The least credible piece of information regarding the health benefits of Qigong was found in Jahnke’s “The Healing Promise of Qi: Creating Extraordinary Wellness Through Qigong”. It was least credible because it only included testimonies from patients and some doctors. There were thought-provoking piece of information included in the book such as a successful surgery as testified by David. David had an astrocytoma, the derivative of astrocyte cells of the brain. More specifically, astrocytoma is a primary intracranial tumor that requires chemotherapy or radiation treatment.

In December 1998, David had a surgery and doctors were surprised to see that the inoperable, terminal, class two astrocytoma which David have, was converted to an operable, class one astrocytoma. This is a complete reversal at the cellular level and the patient was able to improve from having dangerous, rapidly dividing cancer cells to absolutely no sign of dividing cells. What is more astounding is that, David did not undergo any chemotherapy nor radiation treatment; all he did was practice Qigong (Jahnke, 2002, p. 5).

However, there are no actual scientific or recorded data that can be found in the book. As such, the health benefits or the effect of Qigong on David’s health is just a claim without enough or sufficient data to prove its credibility. There was no contradicting information regarding the researches. However, contradicting information about Qigong was found. There is a so-called “qi-gong psychotic reaction” or “Qigong-induced Psychosis” in Diagnostic and Statistical Manual of Mental Disorders by the American Psychiatric Association (2000, p. 902).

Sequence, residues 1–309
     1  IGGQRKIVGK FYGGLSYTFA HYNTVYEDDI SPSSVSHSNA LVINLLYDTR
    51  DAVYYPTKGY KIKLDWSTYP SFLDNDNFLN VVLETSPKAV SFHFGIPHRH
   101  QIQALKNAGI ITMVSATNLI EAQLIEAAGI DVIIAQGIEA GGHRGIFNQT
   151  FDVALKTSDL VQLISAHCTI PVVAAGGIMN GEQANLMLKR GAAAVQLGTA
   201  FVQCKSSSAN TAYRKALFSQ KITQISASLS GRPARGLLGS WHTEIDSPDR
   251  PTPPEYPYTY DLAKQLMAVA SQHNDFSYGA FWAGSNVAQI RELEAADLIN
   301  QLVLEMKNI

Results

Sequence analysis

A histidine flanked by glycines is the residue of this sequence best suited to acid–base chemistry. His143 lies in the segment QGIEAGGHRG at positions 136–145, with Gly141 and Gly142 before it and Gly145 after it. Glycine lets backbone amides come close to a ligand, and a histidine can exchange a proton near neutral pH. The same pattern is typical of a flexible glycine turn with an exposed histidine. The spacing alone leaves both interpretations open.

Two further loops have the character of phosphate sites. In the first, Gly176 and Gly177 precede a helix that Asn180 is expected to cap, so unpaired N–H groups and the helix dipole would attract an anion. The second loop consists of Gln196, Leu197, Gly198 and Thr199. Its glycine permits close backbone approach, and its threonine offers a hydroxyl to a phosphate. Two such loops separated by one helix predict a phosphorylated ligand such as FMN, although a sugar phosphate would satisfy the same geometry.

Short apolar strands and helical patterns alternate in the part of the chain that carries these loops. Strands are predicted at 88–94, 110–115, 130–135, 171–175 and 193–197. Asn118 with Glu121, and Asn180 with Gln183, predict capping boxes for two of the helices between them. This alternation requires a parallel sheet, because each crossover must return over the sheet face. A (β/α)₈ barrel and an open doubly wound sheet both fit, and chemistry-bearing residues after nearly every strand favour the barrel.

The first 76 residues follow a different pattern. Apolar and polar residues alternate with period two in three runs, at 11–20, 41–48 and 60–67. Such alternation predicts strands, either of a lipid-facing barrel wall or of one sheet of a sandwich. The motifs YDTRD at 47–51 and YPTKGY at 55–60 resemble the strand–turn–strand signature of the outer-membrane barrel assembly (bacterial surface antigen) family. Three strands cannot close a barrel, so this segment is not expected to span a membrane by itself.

It is a term that describes an acute, time-limited episode characterized by dissociative, paranoid, or other psychotic or non-psychotic symptoms after participating in qi-gong. On the other hand, this “Qigong-induced psychosis” is corrected by a study found in the Australian and New Zealand Journal of Psychiatry, changing the term to “Qigong precipitated psychosis”. They believe that the relationship between Qigong and mental disorder are manifold. The psychosis from Qigong is only due to inappropriate practice of Qigong, especially those who are not practicing it in orthodox schools of Qigong (Ng, 1999, p. 06).

Questions such as “What are the learning media appropriate for beginners who want to learn and practice Qigong? ” arise. The health benefits and its indications of longevity are the things which make me inclined to use this therapy. I would recommend my clients to practice Qigong especially if it could decrease the chances that people would obtain cancers. I relied most on journal articles and books during my research because of their credibility. Furthermore, journal articles and books provide more relevant information as compared to other sources.